The long-term lower body injury that has sidelined netminder Carey Price certainly contributed to the wheels falling off. The trio of Mike Condon, Dustin Tokarski and Ben Scrivens has been more down than up while filling in for the reigning MVP, and their inability to steal the occasional game has contributed to the length of this skid. But the loss of Price is really felt in the team’s mental game. This is a more fragile squad without him, one that plays like it knows the next mistake is certain to end up in the back of the net.
That lack of confidence is compounded by the inability of the offense to cover up for those mistakes, and by the relative inexperience of the leadership group. Max Pacioretty is up against a real challenge in his first year wearing the C, and so far he hasn’t been able to steer his teammates in the right direction.
The mood is decidedly different in Boston. Burdened by an inexperienced blueline, the B’s got off to a rough start. But with something close to a complete lineup over the past few weeks, they’ve found their groove. Both Zdeno Chara and Dennis Seidenberg have shaken off the effects of some long-term injuries, which has helped to lock down the back end. Up front, the Bruins are benefiting from a more effective transition game and a lethal power play that’s helped them to average 3.14 goals per game, tied for second-most in the league.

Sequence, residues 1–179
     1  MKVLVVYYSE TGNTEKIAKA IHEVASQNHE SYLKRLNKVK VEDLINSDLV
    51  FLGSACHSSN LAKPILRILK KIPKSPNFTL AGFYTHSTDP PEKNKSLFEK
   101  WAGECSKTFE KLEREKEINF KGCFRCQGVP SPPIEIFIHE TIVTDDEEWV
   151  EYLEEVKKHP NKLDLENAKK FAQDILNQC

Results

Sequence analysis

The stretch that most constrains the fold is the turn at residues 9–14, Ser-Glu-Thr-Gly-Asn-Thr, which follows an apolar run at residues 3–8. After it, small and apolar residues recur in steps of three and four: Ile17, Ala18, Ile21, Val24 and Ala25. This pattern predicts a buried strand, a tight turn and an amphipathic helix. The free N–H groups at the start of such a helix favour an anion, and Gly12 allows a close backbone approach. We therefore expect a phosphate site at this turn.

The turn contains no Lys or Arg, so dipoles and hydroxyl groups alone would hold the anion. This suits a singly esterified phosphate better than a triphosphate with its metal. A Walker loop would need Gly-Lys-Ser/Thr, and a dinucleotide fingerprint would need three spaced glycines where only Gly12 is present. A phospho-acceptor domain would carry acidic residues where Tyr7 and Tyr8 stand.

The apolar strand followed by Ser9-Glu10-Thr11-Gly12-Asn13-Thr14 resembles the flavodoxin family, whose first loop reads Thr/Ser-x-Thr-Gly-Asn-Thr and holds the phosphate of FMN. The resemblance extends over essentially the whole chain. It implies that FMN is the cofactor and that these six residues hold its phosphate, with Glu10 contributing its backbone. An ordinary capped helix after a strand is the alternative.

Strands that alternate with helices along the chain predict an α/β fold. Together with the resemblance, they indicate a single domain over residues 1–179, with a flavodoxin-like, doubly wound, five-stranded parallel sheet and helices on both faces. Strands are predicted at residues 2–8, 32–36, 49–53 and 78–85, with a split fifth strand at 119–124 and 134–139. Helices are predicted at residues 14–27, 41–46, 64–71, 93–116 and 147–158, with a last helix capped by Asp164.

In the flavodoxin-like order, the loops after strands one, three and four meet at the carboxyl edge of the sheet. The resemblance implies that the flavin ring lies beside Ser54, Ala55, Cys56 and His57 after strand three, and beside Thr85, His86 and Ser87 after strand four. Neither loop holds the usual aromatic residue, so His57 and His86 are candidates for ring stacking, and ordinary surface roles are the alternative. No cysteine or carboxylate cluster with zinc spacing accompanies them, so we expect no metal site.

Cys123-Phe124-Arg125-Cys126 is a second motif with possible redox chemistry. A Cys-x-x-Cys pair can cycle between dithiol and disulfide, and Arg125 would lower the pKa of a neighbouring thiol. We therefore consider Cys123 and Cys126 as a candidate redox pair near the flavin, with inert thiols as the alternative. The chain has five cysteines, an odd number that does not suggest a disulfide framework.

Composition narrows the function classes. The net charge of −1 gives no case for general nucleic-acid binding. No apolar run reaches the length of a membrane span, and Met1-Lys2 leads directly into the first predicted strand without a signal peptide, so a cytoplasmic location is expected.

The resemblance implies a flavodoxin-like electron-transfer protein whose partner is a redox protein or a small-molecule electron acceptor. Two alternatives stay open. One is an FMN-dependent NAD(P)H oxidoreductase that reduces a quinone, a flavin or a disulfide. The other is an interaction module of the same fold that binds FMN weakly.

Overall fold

Both teams could be missing key players. Price is out for the game, though it was announced Thursday that the Canadiens’ offensive spark plug, forward Brendan Gallagher, will return for the Winter Classic after missing 17 games.
Boston will be without top center David Krejci, who was injured earlier this week against the Senators, and Brad Marchand, who was suspended for three games on Wednesday as a a result of a low-bridge hit on Ottawa’s Mark Borowiecki.
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Who to watch
Tuukka Rask, Bruins goaltender
Rask has recovered nicely from a slow start, going 9-2-2 in his past 13 decisions including a 32-save performance in a 3–1 win over the Canadiens back on Dec. 9. That one looms large: It was just his fourth career win over Montreal against 17 losses.
Patrice Bergeron, Bruins center
Bergeron is in the midst of an MVP-caliber season. He scored two goals with the extra man in Boston’s 7–3 rout of Ottawa on Tuesday night, giving him 18 power play points, second only to Chicago’s Patrick Kane.
Ryan Spooner, Bruins center
With Krejci on the sidelines, Spooner has earned a promotion to the second line, between wingers Matt Beleskey and Loui Eriksson. He’s an intuitive playmaker who excels at drawing defenders and creating space for his linemates. He’s notched multiple points in four of his past nine games, including a pair of assists against the Senators on Tuesday.